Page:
A:- We are not thinking of concluding agreements and taking decision on behalf of the Arab peoples but there are political rules in the Arab world and our role, as consultants, is to explore the future and consider what others want us to be. The issues we intend to discuss include importation of the non-Arab man-power, a matter which does not serve the Arab integration and Arab security. Instead of importing non-Arab man-power, we should concentrate on constructing factories in that man-power’s home countries. The Sudan is the Arab food basket and is rich in natural resources and therefore, companies of a security influence should be established, employing Arab-Arab manpower and maintaining balances between communities. There are some gauges that will be presented for discussion for strengthening future cooperation.
Q:- The Arab region is currently passing through political and social crises. What role is the Arab Parliament playing?
A:- Yes, it’s true that the Arab world is experiencing political and social crises and the Arab Parliament will help overcome those crises. We have set a plan and broad lines aimed at concentrating on points of agreement among the Arab peoples and between the Arab leaderships and on the points of strength to make of those points a solid base on which we stand to build a concrete foundation. We respect the internal policies of the Arab countries and we do not interfere in the domestic affairs like the political issues or the problems in the Arab world. Instead, we work for reaching a better and best situation without siding with one party against another and, of course, we respect the Arab public.
Q:- How do you view the situation in Syria?
A:- Regretfully, we in the Arab world, get together and talk to each other when our relations are good and stay away from each other and do not talk to each other when our relations are bad, while the opposite is requested. When there is a problem, all parties should sit down together for dialogue. The developments in Syria are being followed with concern by the Arabs and the entire world, but as an Arab Parliament, we do not want to implicate ourselves in this quagmire. We support the Syrian people and their unity and safeguarding the integrity of the Syrian state. We stand against the bloodshed and for safeguarding the dignity of the Syrian people. I will not say we are incapable of finding a solution but the Arab Parliament cannot take sides as countries are taking different positions towards the conflict.
Q:- What was the response to an appeal for establishing a fund in support of the Syrian refugees?
A:- The response to this appeal was certainly great, not through the Arab Parliament but as a result of conviction by the Arab leaders. HM King Abdulla has donated 10 million dollars and Sheikh Khalifa Bin Zayd 5 million dollars. The Arab leaders are generous, concerned with peoples’ causes and are united. The Arab Parliament is planning to prepare a study for establishing an emergency fund for the natural disasters that occur in the Arab world.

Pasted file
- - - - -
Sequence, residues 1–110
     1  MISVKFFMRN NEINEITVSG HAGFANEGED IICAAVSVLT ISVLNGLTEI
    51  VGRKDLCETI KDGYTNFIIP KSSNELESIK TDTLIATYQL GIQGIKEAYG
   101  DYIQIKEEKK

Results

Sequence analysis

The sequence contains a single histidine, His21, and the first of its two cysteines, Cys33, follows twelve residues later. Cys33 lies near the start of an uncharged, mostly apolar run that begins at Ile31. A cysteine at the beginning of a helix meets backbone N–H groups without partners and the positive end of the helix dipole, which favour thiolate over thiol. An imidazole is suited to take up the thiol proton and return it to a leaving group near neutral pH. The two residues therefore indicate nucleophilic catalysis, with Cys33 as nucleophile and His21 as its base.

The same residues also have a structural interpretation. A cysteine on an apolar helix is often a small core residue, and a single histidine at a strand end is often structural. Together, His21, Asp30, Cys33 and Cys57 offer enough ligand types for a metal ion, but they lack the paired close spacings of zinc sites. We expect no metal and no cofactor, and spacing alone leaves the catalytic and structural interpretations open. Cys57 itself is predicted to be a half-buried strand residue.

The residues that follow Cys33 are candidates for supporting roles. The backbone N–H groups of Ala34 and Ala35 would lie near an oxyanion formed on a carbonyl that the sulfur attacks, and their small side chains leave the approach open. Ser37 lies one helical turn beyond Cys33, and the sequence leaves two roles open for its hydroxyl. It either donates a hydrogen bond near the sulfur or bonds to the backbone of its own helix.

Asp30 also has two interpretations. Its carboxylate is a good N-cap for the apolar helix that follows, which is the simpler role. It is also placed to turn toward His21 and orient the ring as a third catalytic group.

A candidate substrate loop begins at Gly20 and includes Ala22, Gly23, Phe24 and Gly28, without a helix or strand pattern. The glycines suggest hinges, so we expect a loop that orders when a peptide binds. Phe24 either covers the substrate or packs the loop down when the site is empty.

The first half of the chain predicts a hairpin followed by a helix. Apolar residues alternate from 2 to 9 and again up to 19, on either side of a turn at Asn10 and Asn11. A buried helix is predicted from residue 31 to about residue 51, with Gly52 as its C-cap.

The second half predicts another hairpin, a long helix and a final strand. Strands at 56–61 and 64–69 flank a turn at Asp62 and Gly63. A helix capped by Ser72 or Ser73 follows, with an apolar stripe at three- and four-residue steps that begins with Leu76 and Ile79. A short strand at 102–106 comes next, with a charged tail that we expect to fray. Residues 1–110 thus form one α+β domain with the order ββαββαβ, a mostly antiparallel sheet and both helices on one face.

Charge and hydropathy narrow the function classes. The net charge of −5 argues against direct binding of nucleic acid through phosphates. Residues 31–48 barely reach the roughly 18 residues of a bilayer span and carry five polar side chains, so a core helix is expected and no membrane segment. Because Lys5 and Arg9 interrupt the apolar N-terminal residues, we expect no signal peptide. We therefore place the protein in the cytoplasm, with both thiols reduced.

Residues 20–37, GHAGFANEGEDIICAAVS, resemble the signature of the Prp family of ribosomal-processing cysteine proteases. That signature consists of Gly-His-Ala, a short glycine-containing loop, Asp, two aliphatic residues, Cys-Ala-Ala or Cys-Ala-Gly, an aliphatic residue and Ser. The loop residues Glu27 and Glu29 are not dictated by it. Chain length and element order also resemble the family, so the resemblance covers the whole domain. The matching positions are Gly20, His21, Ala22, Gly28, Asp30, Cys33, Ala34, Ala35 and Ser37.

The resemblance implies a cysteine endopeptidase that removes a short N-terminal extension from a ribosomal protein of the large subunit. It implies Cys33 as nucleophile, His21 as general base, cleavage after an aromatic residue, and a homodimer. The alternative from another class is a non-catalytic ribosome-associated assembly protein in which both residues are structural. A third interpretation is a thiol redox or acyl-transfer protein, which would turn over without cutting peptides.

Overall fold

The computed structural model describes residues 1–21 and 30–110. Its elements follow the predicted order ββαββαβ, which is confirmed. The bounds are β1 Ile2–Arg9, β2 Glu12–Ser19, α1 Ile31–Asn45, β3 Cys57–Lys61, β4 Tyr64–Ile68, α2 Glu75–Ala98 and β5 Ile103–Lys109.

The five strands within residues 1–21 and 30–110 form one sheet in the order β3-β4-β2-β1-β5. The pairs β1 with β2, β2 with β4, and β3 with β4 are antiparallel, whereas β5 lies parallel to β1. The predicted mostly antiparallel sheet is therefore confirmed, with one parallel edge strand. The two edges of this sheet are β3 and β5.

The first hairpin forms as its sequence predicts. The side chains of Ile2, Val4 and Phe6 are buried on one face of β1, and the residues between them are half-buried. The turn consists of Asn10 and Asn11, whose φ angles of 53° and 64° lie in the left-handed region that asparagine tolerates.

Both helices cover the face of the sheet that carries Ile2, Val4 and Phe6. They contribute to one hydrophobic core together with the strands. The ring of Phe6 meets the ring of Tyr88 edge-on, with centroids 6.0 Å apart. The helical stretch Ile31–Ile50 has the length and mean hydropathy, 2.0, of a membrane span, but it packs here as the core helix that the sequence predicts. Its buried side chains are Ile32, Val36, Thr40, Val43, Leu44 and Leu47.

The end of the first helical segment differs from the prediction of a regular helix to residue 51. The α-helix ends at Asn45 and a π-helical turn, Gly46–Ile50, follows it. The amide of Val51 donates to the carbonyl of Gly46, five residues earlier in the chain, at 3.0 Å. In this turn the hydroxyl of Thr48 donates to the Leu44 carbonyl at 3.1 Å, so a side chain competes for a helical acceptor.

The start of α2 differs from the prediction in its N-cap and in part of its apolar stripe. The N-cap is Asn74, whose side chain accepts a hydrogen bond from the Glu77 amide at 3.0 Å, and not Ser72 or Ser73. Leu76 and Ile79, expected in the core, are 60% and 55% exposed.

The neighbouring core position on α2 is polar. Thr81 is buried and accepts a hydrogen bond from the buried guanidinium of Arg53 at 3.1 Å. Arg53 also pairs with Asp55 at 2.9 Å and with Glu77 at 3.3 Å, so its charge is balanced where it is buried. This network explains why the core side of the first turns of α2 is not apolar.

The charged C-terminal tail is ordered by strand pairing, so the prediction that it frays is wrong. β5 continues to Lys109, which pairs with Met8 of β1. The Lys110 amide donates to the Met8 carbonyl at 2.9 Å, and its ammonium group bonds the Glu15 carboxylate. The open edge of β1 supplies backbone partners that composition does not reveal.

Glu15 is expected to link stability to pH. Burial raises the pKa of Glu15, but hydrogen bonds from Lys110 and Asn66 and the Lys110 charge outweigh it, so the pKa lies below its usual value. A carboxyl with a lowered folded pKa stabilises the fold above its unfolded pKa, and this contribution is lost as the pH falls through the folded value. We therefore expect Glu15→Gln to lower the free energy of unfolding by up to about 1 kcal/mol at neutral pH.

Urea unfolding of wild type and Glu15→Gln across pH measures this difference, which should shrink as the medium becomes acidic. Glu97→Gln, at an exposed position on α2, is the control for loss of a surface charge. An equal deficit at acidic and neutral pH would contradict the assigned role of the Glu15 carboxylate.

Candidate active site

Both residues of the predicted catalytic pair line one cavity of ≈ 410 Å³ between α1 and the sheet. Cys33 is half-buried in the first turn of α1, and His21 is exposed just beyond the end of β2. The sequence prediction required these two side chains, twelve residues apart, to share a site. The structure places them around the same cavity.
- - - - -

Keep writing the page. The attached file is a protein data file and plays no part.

Q:-How do you view the Sudanese-Emirates parliamentary relations?
A:- On the peoples’ level, the Sudanese and Emiratis are one people, while on the leadership level, the Emirate leadership stands among the countries supporting the Sudan. I hail the distinguished relations between the two countries in all spheres.
Q:- Islam and Muslims are being targeted. What’s your role in countering this hostile position?
A:- We certainly denounce this impudence against Islam and we demand laying down international laws that incriminate molestation of religious symbols. Insulting beliefs and faiths results in an adverse impact on humanity because they led to extremism and animosity among peoples. Sects should respect each other and each group has its own rights. The Muslim women conference that was held in Khartoum displayed good tidings with regards to work by the woman and her participation in politics, bearing in mind that women increasingly outnumber men, as shown by the statistics. The Muslim woman has begun playing a positive role in the public life. We are calling for unity and solidarity of the Muslims for playing a positive role in the international arena and for contribution to the interest of humanity so that their rights and values are respected.
Q:- How do you rate the resolutions by the conference of the union of the councils of the member states in the Islamic Cooperation Organization?
A:- The conference was certainly very important under the developments in the Arab and Muslim countries. The region is experiencing grave crises such as the one now taking place in Mali. It is a good thing that the Arabs and Muslims get together for taking decisions in the interests of the Arab and Muslim peoples, provided that those decisions are respected. We should not be subordinate to foreign agenda. It is good to have such positive groupings and meetings because they signal a message to others that the Arabs and Muslims are in agreement and hold conference and maintain presence in the political arena for taking decisions in the interest of humanity at large.